According to a study published by the National Institutes of Health (NIH), mobility disability is a key factor in calculating accurate life expectancy. Independence in activities of daily life or ADL is another key metric attributing to the life expectancy equation. There happens to be a correlation between dependence/independence in mobility (& ADL) and life expectancy. Simply put, the more independent you are, the greater the life expectancy you can expect, and vice versa.
With ridesharing now bringing extremely affordable and timely access to transportation for those with a mobility disability, we may see a small increase in life expectancy for those individuals. To truly understand the effect of improved access to affordable, on-demand, accessible transportation on life expectancy, a new study may be in order.
Hospital services improve with WAV ridesharing
People with mobility disabilities will not be the only ones benefiting from these new mandates, hospitals will too. Many people joke about taking an Uber to the hospital to save thousands of dollars on dispatching an ambulance. It is a wise decision if you are talking about Non-emergency medical transportation (NEMT) but reckless if you really do need professional first aid response en-route to the hospital.
The NEMT market is huge and is being looked at by the rideshare giants. An emerging ride-hailing company focusing on this called Velo Health is spearheading the industry by integrating billing services to health insurance such as Medicaid which makes it seamless for hospitals to arrange rides for patients.
In an effort to turn rooms over faster when mobility-disabled patients are ready to be discharged and to decrease the number of missed appointments due to transportation issues, hospitals and doctor offices can leverage platforms like Velo Health, Uber, and Lyft.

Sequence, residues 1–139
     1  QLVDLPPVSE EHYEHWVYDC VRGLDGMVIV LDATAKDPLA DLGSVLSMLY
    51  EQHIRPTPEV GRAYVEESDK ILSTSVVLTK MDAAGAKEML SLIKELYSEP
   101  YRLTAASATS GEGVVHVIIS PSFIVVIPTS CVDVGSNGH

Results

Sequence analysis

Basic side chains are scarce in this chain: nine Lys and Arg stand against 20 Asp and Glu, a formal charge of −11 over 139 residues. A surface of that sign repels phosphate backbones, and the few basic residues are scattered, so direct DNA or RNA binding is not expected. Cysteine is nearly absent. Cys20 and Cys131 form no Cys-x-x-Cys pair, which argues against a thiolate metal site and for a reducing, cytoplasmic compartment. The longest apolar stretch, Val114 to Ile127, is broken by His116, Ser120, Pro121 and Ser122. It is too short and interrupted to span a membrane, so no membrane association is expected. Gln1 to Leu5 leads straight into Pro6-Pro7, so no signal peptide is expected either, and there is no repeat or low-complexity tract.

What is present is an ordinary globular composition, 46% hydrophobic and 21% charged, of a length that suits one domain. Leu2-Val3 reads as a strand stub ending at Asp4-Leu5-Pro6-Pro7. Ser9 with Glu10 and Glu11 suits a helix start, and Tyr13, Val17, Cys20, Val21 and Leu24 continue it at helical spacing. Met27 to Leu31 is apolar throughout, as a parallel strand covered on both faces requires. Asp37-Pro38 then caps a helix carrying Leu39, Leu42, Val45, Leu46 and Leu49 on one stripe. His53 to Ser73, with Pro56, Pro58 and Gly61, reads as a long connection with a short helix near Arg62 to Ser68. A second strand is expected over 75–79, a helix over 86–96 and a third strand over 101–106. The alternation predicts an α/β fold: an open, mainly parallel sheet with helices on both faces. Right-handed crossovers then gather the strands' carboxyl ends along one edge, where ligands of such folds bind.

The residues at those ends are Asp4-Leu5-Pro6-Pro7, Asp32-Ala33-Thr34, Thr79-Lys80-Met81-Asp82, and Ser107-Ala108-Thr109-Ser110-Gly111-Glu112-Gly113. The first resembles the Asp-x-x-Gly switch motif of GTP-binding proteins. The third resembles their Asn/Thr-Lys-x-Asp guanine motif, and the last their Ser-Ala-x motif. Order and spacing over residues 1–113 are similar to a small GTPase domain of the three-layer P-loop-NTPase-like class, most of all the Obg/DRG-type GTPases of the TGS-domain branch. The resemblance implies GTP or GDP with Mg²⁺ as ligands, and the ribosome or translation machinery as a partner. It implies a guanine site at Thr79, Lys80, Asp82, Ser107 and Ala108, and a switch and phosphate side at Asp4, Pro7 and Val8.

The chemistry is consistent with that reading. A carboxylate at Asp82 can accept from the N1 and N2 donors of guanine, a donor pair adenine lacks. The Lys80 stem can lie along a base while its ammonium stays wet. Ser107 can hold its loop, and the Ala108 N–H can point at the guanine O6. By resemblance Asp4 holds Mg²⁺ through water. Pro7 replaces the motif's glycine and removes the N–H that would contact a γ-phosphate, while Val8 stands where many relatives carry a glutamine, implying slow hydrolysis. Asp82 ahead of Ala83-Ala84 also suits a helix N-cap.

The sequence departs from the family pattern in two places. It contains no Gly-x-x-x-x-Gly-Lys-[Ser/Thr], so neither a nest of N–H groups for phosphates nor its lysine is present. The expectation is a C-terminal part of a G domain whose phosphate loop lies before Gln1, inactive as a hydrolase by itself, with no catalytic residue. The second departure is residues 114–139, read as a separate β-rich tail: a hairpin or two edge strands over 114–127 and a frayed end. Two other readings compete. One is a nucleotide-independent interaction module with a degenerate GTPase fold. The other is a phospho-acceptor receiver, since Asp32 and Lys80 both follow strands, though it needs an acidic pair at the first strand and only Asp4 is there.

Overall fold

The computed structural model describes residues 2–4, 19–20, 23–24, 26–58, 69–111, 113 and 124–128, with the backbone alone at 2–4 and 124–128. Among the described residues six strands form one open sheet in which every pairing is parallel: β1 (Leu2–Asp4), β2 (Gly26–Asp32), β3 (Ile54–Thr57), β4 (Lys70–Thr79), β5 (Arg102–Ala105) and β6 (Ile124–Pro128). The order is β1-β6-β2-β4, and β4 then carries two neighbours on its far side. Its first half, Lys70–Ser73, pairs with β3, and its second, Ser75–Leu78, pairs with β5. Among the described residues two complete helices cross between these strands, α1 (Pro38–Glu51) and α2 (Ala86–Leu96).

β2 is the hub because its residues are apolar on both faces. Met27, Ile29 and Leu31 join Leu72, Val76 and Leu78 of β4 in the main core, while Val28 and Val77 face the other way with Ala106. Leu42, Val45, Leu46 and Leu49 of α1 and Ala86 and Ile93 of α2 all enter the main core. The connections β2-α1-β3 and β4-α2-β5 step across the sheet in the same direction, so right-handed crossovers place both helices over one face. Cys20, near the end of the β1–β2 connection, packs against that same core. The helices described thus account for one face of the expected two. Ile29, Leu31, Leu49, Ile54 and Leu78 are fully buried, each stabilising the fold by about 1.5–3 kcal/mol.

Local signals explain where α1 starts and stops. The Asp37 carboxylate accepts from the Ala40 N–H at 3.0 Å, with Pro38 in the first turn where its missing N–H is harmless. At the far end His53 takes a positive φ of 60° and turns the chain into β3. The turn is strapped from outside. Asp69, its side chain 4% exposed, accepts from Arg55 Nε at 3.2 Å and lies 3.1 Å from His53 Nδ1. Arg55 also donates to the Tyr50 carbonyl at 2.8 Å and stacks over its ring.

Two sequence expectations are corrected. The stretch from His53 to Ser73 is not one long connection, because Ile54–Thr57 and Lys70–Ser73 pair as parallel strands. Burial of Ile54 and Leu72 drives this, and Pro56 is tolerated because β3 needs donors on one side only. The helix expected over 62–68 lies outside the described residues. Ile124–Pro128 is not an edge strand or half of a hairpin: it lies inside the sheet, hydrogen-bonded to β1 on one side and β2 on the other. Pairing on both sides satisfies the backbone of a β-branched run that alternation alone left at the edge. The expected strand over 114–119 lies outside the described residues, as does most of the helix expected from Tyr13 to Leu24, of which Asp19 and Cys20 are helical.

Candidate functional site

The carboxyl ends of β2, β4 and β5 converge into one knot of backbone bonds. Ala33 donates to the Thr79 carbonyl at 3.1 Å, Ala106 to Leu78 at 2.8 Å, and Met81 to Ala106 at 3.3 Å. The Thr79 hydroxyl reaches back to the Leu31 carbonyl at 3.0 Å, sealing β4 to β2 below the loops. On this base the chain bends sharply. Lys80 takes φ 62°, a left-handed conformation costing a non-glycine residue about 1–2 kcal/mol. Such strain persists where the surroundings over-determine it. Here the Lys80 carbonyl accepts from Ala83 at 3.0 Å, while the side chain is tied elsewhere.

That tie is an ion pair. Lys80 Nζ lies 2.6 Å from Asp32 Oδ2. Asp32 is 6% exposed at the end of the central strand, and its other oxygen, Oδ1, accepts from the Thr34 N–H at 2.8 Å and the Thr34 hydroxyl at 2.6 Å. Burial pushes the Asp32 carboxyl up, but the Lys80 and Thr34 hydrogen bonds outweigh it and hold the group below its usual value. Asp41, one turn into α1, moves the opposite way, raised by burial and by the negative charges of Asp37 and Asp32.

Rather than depending on family members or utilizing expensive, private transportation companies, the ride-hailing platforms offer reliable, affordable, on-demand service that the hospitals can utilize for their patients to provide a more seamless experience. Hopefully, the medical staff can take advantage of these new transportation options to help rooms be turned over faster allowing more patients to be treated.
For WAV drivers to improve the whole experience for the patient-rider, if not already implemented, we can imagine some training program with a pay increase to help elderly passengers in-and-out of the vehicle with medical equipment like oxygen tanks. This approach considers virtually every touch point the patient-rider has from requesting a ride, getting in-and-out of the vehicle, and paying for the ride. New incentives programs for these trained drivers, like we’ve seen with other rideshare startups, can be what is needed to make these programs even more successful.
The implications of WAVs being united with ride-sharing platforms and medical billing integration is something that has been on the horizon for a long time and we are starting to see things move and shake. Mobility-disabled individuals can experience an improved quality of life and hopefully an increase in their life expectancy. Hospitals and private physician offices can become much more efficient and treat more patients with the ability to easily arrange cost-effective, accessible transportation options.